Steve Dolan is a worthy successor to the Hudson River Painters — so much so that this New Hampshire native, when he first visited the Mountain Top area of the Catskills, was so taken with it that he decided to move to Hunter and pursue his passion for painting the spectacular (his word) scenery he found there. Now his long hours of creativity have come to fruition in a new exhibit at the Kaaterskill Fine Arts Gallery, Main Street, Hunter. Entitled “Atmospheres of Hunter and Beyond,” Steve’s exhibit features a generous selection of his paintings mostly from the region around Hunter but also a few from the White Mountains of his native New Hampshire.
You can read an interview with Steve on the Catskill Mountain Foundation’s website and learn more about his background and what inspires him as an artist. The Hudson River Painters are clearly an influence — I thought particularly of Thomas Cole and especially some of his more “fantastic” (my word) paintings. But let me not waste time trying to describe Steve’s extraordinary work — I took a couple of quick photos when I stopped in last week just after the show had been hung, and I hope they will give you some idea of his approach to his art, but most of all, I urge you to go and see his show. It’s at the Kaaterskill Fine Arts Gallery between now and July 5, with an opening reception this Saturday May 30 from 2 to 4 pm and an art talk on June 20 from 1 to 2 pm.
Click here to read the details, including the interview with Steve and information about opening times. “Atmospheres of Hunter and Beyond” — don’t miss it.
Not only did I treat my car to a much needed car wash today but, better yet, in the process I donated a few dollars to the Red Bird Mission, a faith-based outreach in which young people travel to Kentucky to assist poor people with getting the things that they need, such as building houses. Last year a Confirmation class from St. Anastasia’s Catholic Church in Harriman donated their time and energy to help in Appalachia; the young people I met today come from the local United Methodist Church.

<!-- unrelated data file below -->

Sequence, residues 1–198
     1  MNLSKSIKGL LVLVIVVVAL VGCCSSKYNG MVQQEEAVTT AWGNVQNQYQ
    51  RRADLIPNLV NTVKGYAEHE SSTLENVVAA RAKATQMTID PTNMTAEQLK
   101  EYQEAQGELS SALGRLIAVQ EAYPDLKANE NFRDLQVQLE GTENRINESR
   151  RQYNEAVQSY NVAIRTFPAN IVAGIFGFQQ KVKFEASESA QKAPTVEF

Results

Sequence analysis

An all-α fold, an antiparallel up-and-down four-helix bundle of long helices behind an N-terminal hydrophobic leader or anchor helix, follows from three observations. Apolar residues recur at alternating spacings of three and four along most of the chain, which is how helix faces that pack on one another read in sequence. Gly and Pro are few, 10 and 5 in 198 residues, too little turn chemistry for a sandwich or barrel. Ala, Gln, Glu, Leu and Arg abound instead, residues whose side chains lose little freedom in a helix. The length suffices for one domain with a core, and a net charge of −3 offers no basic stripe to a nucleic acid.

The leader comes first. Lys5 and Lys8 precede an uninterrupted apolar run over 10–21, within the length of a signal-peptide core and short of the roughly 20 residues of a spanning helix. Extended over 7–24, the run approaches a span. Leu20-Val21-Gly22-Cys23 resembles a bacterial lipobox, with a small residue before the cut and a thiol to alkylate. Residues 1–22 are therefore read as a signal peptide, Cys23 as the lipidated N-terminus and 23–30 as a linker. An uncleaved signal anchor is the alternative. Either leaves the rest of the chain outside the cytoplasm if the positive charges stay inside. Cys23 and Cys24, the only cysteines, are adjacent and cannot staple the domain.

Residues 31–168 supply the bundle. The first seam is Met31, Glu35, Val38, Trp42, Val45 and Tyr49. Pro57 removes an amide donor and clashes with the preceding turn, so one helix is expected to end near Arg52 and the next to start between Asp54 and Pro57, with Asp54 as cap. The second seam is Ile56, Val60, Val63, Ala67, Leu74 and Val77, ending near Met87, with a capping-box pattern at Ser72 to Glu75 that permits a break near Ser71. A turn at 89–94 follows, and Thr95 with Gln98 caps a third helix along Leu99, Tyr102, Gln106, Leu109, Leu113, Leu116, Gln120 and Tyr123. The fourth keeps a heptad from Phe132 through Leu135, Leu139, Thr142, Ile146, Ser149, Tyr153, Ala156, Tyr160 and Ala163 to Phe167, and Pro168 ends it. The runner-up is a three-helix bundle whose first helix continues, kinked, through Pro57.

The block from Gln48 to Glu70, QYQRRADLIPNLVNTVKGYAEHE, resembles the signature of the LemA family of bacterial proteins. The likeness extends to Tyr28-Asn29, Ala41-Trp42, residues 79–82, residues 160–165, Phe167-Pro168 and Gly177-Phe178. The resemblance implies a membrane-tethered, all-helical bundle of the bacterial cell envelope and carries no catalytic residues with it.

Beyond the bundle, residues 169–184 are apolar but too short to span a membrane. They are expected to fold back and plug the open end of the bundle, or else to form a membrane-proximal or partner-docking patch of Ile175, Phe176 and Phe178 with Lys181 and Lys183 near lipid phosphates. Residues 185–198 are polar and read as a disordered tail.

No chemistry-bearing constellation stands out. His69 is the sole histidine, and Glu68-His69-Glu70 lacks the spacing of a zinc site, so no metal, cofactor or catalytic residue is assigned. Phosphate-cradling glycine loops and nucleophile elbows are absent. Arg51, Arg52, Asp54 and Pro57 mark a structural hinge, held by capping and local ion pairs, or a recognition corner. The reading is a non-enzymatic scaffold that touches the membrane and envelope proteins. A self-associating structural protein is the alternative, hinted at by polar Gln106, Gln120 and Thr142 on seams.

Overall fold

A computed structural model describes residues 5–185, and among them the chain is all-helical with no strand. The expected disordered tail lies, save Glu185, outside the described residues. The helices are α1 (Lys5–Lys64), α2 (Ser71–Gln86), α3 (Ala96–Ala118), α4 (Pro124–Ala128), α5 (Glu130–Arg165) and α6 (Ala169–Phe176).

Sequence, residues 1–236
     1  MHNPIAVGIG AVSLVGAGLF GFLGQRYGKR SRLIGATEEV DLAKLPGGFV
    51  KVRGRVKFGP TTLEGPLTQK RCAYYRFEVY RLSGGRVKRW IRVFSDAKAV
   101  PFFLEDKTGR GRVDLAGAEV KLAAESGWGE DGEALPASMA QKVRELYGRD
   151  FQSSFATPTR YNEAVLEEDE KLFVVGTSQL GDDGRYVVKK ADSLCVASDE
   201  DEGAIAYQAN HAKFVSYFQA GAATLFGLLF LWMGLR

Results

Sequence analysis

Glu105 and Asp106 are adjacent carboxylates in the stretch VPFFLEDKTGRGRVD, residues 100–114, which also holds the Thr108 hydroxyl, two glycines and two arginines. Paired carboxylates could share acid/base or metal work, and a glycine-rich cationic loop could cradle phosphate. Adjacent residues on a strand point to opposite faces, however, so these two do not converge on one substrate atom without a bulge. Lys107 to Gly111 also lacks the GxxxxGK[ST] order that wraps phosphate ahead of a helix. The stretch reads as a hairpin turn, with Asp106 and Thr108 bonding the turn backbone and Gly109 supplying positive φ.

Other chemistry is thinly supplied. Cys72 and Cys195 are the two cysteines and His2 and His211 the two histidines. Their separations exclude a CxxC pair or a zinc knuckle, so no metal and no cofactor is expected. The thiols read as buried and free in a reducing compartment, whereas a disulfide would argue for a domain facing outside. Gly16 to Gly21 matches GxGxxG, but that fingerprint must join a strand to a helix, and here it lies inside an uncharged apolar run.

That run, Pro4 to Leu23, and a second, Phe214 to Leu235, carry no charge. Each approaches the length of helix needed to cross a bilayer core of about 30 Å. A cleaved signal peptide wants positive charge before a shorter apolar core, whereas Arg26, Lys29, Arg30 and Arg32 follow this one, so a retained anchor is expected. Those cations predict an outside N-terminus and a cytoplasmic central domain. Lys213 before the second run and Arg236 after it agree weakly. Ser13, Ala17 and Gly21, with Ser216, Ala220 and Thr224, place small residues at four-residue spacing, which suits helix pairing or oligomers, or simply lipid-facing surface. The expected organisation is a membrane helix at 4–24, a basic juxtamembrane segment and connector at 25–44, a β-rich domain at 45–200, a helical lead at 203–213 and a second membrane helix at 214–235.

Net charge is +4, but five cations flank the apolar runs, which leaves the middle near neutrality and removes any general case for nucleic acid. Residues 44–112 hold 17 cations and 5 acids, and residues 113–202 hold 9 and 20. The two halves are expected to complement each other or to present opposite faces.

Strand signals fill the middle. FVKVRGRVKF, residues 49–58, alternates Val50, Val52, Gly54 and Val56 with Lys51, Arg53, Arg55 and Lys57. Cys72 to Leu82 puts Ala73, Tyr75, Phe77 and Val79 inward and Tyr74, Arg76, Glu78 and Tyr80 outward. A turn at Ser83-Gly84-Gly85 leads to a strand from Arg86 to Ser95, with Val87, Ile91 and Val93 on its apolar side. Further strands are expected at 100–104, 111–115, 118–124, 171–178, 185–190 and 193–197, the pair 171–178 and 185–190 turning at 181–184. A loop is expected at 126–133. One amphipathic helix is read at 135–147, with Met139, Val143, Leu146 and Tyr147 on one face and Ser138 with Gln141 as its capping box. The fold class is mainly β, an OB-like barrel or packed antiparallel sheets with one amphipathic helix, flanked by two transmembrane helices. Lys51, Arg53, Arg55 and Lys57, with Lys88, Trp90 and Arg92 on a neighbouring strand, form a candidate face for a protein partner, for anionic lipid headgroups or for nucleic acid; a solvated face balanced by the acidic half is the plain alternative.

Not only do the young people give generously of their time and physical resources — they also have to raise money to be able to make the trip, and that’s what today’s car wash was in aid of. Pastor Wendy Paige explained to me that it costs $375 per young person just to travel to Kentucky, and they must raise the money themselves.
Given the recent hard winter and the even more recent pollen storm that left local cars a muddy mess, what better fundraiser than a car wash? They worked hard and they were thorough. And the donation they requested was free will — you gave what you wanted to give.
The group will be washing cars at the United Methodist Church in nearby Monroe next Saturday. If you’re in the area and need your car washed — or even if you just want to make a donation, as I noticed some people doing who didn’t need or have time for a car wash — please come on by!
A really remarkable exhibit entitled “Catskill Remains” featuring the photography of John P. O’Grady has been showing at the Kaaterskill Fine Arts center in Hunter since April. It closes on Sunday May 17 and I only just had the opportunity to see it on May 10. If you’re anywhere near the area before it closes, I very strongly recommend going to have a look.
What’s good to say about Mr. O’Grady’s work? Consider this:
- He’s a Renaissance man — an author, a historian, a man with an amazing variety of interests. This informs his work. Obviously a highly intelligent man with his own very personal starting point for his photography, he refreshingly avoids both the “trendy” and the self-conscious attempt to be superficially “original.”
- Having said that, I must say that Mr. O’Grady’s photos are unique and original, but not gimmicky. No, never gimmicky, either in composition or in technique,
- Speaking of technique: He doesn’t speak about it. At least, he doesn’t mention f-stops, focal lengths, shutter speeds, equipment, or postprocessing software in a recent interview for the Catskill Mountain Region Guide, and you’ll be hard put to find anything about it on his website. http://www.tuckabold.com/ His photography is out there to inspire you, to make you think, and he doesn’t get hung up on explaining to you how he did it.
- I found this intriguing: Many of the titles of his images both are and are not “about” the central focus of the picture. For example, the one entitled Olana. If you know just where Olana is and that it’s on the height on the opposite side of the Rip van Winkle Bridge from Catskill, you’ll see it — but he seems to defy the convention of titling a picture after some obvious feature.
All the images in this show are in black and white, in plain black frames with white matting. And very modestly priced. In this day and age when one tires of looking at consciously trendy photography, I was extremely gratified to see how well received Mr. O’Grady’s work is. How did I know that? By the number of tiny green “Sold” stickers on so many of them.
The quickly snapped photo at the head of this post shows you something of the layout. It doesn’t do justice to Mr. O’Grady’s pictures at all, so you’ll just have to go and see for yourself. You’ll be glad you did. “Catskill Remains,” Kaaterskill Fine Arts center, Route 23a, Hunter. This is by far the finest exhibit they’ve had there in a long long time.